The potato is a staple in the Shan hills, where it’s known as aloo, the Hindi and Urdu word for potato. The same word is used for potato in Burmese. (The potato, of course, is native to the Americas, and it traveled to Asia sometime after 1500.) Interestingly, the word for potato in neighboring Thailand is not a variant of aloo, but man farang, which translates, literally, as “foreign tuber.”
I ate this welcoming stew sitting outside under the stars at the farm of a good friend, with white rice, a blanched greens salad, and a Shan-style tea-leaf salad. I like to serve it on cold winter nights with roasted root vegetables and plain rice.
Place the chicken, shallots, salt, tomatoes, turmeric, cayenne, tua nao powder or miso, and lemongrass in a large heavy casserole, drizzle on the oil, and place over medium heat. Stir and turn to mix and to distribute the oil, then cover and cook for 2 to 3 minutes. Stir and turn to expose more surfaces to the hot pot, cover, and cook for a few more minutes.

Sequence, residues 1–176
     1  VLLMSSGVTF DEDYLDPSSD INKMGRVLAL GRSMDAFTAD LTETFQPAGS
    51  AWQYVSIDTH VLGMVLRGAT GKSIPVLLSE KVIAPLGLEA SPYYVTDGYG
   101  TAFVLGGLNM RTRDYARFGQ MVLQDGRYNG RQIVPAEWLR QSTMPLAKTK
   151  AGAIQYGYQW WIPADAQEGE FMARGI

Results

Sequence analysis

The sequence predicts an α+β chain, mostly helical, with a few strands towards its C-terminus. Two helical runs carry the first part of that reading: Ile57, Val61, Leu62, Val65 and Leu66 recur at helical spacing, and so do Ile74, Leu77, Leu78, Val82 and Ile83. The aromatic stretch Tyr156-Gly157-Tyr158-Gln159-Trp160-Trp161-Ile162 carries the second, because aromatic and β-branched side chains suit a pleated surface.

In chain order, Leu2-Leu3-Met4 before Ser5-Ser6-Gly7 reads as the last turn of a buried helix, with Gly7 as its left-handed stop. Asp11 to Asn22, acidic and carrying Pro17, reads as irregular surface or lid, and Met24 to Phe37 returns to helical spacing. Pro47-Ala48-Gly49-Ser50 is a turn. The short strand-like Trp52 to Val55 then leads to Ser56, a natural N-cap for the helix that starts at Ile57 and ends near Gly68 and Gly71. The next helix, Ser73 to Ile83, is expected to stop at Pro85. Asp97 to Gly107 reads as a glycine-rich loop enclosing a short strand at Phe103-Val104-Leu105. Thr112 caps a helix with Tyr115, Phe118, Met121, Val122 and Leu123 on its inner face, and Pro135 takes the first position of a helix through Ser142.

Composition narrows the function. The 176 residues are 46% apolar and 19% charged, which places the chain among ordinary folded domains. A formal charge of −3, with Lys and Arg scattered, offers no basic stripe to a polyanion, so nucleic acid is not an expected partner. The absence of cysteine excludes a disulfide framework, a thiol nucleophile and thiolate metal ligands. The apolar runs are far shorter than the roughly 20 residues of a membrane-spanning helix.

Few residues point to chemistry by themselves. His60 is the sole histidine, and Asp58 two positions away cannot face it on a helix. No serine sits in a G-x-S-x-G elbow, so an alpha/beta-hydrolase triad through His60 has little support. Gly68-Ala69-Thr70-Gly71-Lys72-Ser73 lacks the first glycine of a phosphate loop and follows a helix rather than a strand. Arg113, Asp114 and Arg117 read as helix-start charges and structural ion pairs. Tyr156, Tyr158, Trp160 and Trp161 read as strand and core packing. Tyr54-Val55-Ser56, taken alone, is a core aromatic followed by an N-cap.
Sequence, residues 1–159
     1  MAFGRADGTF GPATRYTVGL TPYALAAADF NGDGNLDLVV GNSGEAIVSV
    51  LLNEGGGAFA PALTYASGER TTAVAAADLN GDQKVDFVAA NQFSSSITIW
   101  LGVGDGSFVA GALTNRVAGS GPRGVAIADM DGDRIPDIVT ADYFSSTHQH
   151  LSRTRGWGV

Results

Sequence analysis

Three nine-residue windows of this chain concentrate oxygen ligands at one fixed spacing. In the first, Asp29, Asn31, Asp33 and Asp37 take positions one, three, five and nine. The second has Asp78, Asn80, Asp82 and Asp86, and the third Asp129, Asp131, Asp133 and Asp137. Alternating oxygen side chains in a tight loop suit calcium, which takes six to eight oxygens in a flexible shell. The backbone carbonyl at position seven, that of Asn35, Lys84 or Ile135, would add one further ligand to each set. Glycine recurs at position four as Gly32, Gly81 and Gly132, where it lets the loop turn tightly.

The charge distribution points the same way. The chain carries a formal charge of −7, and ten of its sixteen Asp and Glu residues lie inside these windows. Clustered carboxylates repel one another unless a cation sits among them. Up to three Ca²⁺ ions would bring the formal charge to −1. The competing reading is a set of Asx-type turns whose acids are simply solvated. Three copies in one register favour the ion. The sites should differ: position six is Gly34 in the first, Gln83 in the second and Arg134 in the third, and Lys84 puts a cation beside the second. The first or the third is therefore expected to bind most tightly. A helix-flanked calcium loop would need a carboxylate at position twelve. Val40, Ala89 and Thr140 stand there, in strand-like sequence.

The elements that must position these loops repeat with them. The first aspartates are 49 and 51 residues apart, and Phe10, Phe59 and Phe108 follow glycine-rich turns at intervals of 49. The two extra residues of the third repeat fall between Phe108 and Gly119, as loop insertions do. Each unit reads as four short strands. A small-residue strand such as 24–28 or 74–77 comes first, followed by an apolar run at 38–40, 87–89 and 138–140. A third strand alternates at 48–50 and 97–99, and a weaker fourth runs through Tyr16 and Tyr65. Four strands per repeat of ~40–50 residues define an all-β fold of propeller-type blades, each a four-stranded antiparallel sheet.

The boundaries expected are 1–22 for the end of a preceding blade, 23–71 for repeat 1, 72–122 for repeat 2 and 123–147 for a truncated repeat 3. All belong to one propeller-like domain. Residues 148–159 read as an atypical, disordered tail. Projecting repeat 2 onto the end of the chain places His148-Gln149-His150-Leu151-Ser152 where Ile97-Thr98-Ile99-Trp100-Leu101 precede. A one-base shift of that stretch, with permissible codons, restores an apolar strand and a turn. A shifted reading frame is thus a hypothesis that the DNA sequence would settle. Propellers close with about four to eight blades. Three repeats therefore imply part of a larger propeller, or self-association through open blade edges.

Add the water, raise the heat, and bring to a boil, then lower the heat to maintain a medium boil and cook, covered, for 10 minutes. Add the potatoes and boil, half-covered, until they are tender, 10 to 15 minutes. Taste and add salt if needed.
Sprinkle on the chopped coriander and scallion greens, stir, and serve.
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